The Olympics brand is now the second most valuable brand in the world, behind Apple, thanks to a 38% jump in overall revenue and growth in broadcasting and sponsorship deals.

The Olympics is now worth US$47.6 billion, according to Brand Finance, having grown by 87% since the 2008 Beijing Olympics.  This makes the brand’s value higher than all of its major sponsors, which include Samsung and Coca-Cola, and puts it behind Apple which is valued at US$70.6 billion.

Broadcasting revenue contributes two-thirds of the International Olympic Committee’s (IOC) revenue of US$5.1 billion and has grown 51% in the last four years to reach US$3.9 billion. Growth in sponsorship revenues was less strong but still significant, up 10.5% on Beijing.

CEO of Brand Finance, David Haigh, says the Olympics brand is a formidable revenue generator and has huge value. “It has recently been criticised for heavy-handed brand control, however it should not be forgotten that in the current four year cycle US$4.6 billion has been generated for initiatives to develop sport worldwide,” Haigh adds. “It is also expected to produce a net benefit to the UK economy of more than US$25 billion.”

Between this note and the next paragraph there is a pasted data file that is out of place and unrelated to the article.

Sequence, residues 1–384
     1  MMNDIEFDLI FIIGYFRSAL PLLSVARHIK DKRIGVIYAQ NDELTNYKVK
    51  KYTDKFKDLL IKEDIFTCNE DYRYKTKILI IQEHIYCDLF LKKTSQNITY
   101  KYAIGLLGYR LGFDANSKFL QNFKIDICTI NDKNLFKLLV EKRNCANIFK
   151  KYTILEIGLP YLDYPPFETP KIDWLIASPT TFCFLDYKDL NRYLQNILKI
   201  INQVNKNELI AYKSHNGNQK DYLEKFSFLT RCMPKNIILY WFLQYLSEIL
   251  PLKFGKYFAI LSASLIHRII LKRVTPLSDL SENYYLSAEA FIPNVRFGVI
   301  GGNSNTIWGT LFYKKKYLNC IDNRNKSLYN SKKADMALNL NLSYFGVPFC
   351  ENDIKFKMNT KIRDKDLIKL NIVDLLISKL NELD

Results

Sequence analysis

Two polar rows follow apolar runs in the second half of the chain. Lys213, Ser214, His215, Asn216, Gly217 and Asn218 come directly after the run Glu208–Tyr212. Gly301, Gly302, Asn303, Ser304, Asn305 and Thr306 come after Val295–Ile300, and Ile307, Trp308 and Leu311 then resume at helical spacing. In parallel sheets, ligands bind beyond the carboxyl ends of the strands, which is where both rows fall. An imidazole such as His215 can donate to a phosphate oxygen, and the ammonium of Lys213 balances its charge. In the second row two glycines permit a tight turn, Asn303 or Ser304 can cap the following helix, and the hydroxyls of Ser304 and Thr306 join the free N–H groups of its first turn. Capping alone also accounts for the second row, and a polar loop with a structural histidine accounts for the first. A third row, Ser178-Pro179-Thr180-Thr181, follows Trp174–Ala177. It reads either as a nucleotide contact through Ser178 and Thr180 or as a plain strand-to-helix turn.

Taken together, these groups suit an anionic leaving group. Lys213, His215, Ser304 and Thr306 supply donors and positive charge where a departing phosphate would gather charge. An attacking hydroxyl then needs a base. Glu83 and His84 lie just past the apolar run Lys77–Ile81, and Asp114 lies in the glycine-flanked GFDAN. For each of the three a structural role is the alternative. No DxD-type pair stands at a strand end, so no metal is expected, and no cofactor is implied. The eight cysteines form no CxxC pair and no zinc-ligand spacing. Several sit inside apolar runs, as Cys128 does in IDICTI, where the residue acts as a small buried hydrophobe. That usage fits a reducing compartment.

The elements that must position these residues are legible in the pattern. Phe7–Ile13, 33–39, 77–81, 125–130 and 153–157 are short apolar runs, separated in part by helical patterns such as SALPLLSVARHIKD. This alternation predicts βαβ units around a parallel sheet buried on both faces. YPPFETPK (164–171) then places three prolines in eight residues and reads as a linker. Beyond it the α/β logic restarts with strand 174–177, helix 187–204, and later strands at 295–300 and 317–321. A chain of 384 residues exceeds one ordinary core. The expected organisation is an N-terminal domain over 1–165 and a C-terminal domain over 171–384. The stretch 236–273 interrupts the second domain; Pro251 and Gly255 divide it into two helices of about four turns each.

The IOC has running costs of less than 10% of revenue leaving US$4.6 billion for distribution and investment in sport worldwide.

The high levels of growth achieved by the Olympics should be sustainable as emerging markets remain largely untapped, the study found. Currently Asia accounts for only 12% of broadcasting revenues which compared to 59% in the Americas leaving room for growth for the brand.

Sponsors also believe Olympic sponsorship to be a sustainable marketing investment, according to Brand Finance. P&G expect to generate an extra US$500 million in sales from London 2012, having already generated US$100 million from Vancouver 2010. GE, who paid US$200 million for top sponsorship rights covering London and Vancouver, reportedly believes it has earned back its investment.

In arriving at the brand value Brand Finance valued everything operating under the Olympics brand using the International Olympic Committee’s (IOC’s) financial statements. These include revenue from broadcasting, sponsorship, licensing, merchandising & ticket sales.